NEW YORK — U.S. stocks climbed Wednesday, with the S&P 500 snapping its first three-day losing run this year, after the Federal Reserve said it would continue to support the U.S. economy.
The Dow Jones industrial average finished at 14,511.73, up 55.91 points, or 0.4 percent.
The S&P 500 index added 10.37 points, or 0.7 percent, to 1,558.71, leaving it less than 7 points from its all-time closing high, hit in October 2007.
The Federal Reserve maintained its policies on bond purchases and record-low interest rates, projecting “a return to moderate economic growth following a pause late last year.”
“There is a safety net called the Fed that is under the market now, and when that is taken away, the market could run into some white water, but we think that comes later this year,” said Jim Russell, senior equity strategist for U.S. Bank Wealth Management.
At his news conference, Federal Reserve Chairman Ben Bernanke said he did not find anything out of line with the stock market’s climb, citing growing optimism about the economy.
“Our target this year for the S&P is 1,625, so there’s a 5 percent upside from (Tuesday’s) close. We don’t think it’s going to be a straight line up, there will be volatility, but we are cautiously optimistic,” David Allon, a senior financial professional at Firstrust Financial Resources LLC.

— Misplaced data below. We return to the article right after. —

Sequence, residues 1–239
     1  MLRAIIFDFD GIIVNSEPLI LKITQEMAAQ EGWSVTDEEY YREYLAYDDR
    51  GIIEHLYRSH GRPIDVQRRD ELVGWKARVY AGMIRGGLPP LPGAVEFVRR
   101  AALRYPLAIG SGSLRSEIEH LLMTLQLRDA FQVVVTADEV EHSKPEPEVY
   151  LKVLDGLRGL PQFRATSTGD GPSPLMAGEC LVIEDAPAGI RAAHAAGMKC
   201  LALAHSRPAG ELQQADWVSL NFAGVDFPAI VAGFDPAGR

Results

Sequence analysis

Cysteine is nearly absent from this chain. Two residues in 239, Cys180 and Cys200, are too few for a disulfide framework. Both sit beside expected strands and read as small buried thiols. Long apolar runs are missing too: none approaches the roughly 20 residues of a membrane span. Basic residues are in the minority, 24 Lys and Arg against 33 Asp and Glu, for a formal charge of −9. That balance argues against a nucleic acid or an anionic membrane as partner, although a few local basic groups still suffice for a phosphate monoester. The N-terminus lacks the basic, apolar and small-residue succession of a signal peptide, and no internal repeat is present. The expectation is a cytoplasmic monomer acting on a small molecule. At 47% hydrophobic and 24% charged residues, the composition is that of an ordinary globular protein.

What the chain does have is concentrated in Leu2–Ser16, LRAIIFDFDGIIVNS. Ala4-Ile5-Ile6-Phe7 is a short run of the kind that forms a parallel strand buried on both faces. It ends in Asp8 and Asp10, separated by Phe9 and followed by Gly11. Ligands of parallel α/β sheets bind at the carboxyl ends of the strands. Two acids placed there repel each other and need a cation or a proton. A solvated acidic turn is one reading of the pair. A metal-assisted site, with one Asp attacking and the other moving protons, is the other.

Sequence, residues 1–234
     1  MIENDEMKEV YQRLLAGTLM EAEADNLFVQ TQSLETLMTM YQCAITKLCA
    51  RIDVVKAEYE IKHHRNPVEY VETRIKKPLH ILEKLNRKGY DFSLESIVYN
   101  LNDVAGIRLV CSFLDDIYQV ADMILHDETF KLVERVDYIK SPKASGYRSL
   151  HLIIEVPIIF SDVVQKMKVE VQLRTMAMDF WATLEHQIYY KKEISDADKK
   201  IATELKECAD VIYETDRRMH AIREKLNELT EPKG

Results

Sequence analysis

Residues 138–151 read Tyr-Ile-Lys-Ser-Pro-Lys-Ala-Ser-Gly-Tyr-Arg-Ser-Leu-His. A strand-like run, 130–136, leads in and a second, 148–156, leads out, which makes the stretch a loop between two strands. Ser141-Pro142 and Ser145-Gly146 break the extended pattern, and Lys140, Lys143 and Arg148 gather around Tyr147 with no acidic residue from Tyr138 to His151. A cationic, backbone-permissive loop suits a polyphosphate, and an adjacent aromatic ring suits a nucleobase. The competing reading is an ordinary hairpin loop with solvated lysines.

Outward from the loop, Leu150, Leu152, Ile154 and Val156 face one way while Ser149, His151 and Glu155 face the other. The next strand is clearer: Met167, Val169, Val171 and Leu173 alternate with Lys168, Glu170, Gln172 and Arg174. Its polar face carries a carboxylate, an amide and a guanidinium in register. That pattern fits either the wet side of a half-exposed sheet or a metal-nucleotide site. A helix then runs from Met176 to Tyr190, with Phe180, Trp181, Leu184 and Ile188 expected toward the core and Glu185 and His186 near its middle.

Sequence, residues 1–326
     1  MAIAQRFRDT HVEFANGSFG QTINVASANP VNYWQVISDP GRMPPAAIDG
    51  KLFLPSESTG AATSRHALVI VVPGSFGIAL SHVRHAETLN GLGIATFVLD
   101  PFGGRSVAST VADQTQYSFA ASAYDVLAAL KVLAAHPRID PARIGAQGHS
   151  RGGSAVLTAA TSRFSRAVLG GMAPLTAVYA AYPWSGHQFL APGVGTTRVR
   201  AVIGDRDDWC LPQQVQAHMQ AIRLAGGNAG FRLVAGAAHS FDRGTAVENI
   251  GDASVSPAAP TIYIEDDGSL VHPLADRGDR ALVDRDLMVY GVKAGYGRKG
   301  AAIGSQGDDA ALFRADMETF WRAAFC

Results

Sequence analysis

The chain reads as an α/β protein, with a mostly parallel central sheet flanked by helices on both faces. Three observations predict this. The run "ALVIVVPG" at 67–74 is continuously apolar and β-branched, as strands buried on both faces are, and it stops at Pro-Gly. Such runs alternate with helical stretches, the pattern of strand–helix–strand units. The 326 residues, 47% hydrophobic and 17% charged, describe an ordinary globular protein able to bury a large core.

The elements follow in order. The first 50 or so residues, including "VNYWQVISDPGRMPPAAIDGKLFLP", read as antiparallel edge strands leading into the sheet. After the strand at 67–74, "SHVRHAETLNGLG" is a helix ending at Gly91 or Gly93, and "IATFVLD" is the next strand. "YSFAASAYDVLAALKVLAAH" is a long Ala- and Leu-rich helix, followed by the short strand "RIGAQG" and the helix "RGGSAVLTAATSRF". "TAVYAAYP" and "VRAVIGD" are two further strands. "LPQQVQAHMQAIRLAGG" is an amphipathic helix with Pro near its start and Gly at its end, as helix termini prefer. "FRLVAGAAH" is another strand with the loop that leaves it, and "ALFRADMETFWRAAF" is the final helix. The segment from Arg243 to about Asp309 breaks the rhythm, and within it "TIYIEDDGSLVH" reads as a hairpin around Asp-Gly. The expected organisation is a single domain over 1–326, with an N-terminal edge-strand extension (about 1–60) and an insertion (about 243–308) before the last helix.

“This directly aligns with what Bernanke said today. He said that with unemployment elevated, the sequester as well as the elimination of the payroll-tax deduction, these factors are major fiscal drags on the economy, and the Fed is working with that in mind,” Allon added.
The Nasdaq composite index climbed 25.09 points, or 0.8 percent, to 3,254.19.
FedEx Corp. shares slumped 6.9 percent after the economic bellwether reduced its 2013 earnings forecast as more customers resorted to less costly options.
Adobe Systems Inc. gained 4.2 percent after the software maker reported sales and profit that topped expectations.
A key factor for Wall Street as it moves into the second quarter is the pace and timing of the Fed’s backing away from its $85 billion a month quantitative-easing commitment.
Europe also remains a factor for markets, with an updated proposal that sought to soften a controversial tax on bank deposits in Cyprus outright rejected by the island nation’s parliament on Tuesday.
The European Central Bank said it would provide liquidity to Cyprus, where banks are closed until Tuesday, giving the European Union more time to get the upper hand on a rescue. H
On the New York Mercantile Exchange, gold futures fell and oil prices gained, with the former off $3.80, or 0.2 percent, to $1,607.50 an ounce and the latter rising 80 cents, or 0.9 percent, to $92.96 a barrel.
Distributed by MCT Information Services